New Delhi: The scope of training at the National Cadet Corps (NCC) should be expanded to include space sciences, cyber expertise and drone applications, “to make cadets versatile”, the Parliamentary Standing Committee on Defence has said.
The committee, headed by BJP MP Jual Oram, presented its report titled ‘Directorate of Ordnance (Coordination and Services)–New DPSUs, Defence Research and Development Organisation and National Cadet Corps’ in Parliament earlier this week.
In its report, the committee noted, “…in the opinion of the Committee, it is high time that the training module be expanded/modified to include cyber/computer expertise, laser expertise and space science.”
It also noted that cyber crimes are increasing in large proportions every year and trained cadets can be used for training the elderly and cyber illiterate population in proper use of cyber applications such as banking transactions etc.
“The IT skills should also include specific training on drone applications which is the need of the hour. It would not be out of place to recommend that if required, the NCC cadets should be attached with expert institutions to train them on all the new forms of training,” it added.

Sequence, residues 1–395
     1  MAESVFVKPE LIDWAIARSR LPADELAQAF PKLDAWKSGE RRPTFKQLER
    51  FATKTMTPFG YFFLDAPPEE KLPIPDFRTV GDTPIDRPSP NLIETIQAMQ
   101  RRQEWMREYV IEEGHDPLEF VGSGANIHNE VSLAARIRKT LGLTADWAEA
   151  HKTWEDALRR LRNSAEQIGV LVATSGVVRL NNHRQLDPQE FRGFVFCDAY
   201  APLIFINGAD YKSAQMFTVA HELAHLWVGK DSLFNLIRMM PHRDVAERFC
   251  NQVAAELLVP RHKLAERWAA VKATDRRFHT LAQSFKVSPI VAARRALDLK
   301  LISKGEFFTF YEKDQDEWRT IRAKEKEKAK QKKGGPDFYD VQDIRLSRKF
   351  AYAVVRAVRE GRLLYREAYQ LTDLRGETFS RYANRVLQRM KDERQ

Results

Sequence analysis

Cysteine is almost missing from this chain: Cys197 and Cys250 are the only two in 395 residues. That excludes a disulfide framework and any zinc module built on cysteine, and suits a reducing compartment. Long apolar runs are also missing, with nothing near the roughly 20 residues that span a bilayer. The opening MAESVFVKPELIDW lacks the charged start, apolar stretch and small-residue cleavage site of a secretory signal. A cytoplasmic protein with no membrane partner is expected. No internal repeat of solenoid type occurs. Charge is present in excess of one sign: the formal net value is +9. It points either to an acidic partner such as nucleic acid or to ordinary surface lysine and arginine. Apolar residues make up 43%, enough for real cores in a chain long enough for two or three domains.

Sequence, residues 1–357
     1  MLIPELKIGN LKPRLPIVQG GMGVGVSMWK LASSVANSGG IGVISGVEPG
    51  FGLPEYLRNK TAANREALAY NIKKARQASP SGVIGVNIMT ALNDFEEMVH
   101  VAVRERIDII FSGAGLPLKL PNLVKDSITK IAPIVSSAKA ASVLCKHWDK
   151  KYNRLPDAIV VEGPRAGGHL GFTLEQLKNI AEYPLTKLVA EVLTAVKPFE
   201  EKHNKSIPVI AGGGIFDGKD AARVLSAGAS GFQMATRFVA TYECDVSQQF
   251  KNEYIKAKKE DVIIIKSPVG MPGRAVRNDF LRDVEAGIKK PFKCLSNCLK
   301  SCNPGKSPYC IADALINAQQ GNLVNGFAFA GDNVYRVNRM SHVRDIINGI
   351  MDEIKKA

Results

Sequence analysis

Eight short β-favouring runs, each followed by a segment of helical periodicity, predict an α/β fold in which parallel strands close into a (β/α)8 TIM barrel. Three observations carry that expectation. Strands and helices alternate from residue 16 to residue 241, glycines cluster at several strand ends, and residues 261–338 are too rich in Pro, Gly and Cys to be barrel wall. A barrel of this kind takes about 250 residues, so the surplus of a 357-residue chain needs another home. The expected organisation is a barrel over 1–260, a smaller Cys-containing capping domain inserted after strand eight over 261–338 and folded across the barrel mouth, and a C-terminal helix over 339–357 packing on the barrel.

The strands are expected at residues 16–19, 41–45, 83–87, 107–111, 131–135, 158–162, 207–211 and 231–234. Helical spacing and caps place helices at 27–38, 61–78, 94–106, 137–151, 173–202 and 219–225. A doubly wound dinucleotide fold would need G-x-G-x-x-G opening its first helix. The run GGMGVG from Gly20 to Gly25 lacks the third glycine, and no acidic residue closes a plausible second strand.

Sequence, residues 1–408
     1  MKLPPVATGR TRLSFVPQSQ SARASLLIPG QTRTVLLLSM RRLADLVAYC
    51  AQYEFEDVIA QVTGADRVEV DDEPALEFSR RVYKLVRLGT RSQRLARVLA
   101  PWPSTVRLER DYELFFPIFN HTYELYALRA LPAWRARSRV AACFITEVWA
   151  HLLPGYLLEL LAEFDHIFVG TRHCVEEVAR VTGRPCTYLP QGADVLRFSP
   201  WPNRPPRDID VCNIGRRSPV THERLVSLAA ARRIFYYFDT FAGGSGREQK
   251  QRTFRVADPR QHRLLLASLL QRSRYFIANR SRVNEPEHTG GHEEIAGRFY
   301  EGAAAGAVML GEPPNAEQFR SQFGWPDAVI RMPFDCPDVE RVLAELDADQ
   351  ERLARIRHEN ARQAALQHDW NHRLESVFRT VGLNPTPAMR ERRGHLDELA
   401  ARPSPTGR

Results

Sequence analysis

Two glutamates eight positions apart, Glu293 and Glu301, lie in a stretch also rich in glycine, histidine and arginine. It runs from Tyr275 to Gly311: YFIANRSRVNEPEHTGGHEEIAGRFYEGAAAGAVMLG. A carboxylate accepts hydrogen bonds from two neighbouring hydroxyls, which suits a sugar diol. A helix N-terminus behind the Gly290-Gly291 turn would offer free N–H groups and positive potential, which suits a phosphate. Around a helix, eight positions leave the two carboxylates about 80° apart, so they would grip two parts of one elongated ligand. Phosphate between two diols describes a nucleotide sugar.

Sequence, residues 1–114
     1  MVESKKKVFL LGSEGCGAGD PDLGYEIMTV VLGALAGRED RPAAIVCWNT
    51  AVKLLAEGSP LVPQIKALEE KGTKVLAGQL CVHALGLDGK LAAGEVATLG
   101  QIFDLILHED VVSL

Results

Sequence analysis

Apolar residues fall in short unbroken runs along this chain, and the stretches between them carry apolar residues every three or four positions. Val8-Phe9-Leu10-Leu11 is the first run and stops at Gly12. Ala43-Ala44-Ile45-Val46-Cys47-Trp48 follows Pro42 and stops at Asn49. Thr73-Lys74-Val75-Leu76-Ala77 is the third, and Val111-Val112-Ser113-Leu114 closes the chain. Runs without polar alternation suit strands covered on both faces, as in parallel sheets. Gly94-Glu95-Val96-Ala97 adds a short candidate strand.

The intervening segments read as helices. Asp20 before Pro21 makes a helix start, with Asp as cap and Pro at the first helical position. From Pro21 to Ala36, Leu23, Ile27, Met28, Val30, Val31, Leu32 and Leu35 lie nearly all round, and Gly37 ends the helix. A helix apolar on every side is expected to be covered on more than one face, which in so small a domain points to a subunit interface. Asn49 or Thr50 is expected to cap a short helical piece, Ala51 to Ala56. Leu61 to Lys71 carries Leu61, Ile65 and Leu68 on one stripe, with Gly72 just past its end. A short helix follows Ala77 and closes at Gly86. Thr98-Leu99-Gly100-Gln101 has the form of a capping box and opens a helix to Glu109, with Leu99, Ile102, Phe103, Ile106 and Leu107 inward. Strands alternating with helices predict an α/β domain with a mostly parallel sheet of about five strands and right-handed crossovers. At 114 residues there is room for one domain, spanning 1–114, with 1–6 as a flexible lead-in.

The panel asked the government to submit details of specific project/proposal, including details of additional funds that would be required for accomplishing this recommendation from next year onwards.
According to the report, during the year 2019-20, the total budgetary allocation for the NCC was Rs 1,631.92 crore while the actual expenditure was Rs 1,595.87 crore. Likewise, in 2020-21, as against the total outlay of Rs 1,688.60, the expenditure incurred was Rs 1,512.06.
“The committee note with glee that during the year 2021-22, the trend is reversed and NCC has spent Rs 1,685.63 crore, which is approximately Rs 35 crore more than the allocation of Rs 1,650.76 crore,” the report said.
The NCC — established under the NCC Act, 1948 — is the largest uniformed youth organisation in the world, with a cadet strength of 15,00,744 as of January 2023, the report noted. It has 17 state directorates covering 28 states and nine Union territories, and has 98 Group headquarters under which there are 825 units in the country, it added.
(Edited by Anumeha Saxena)
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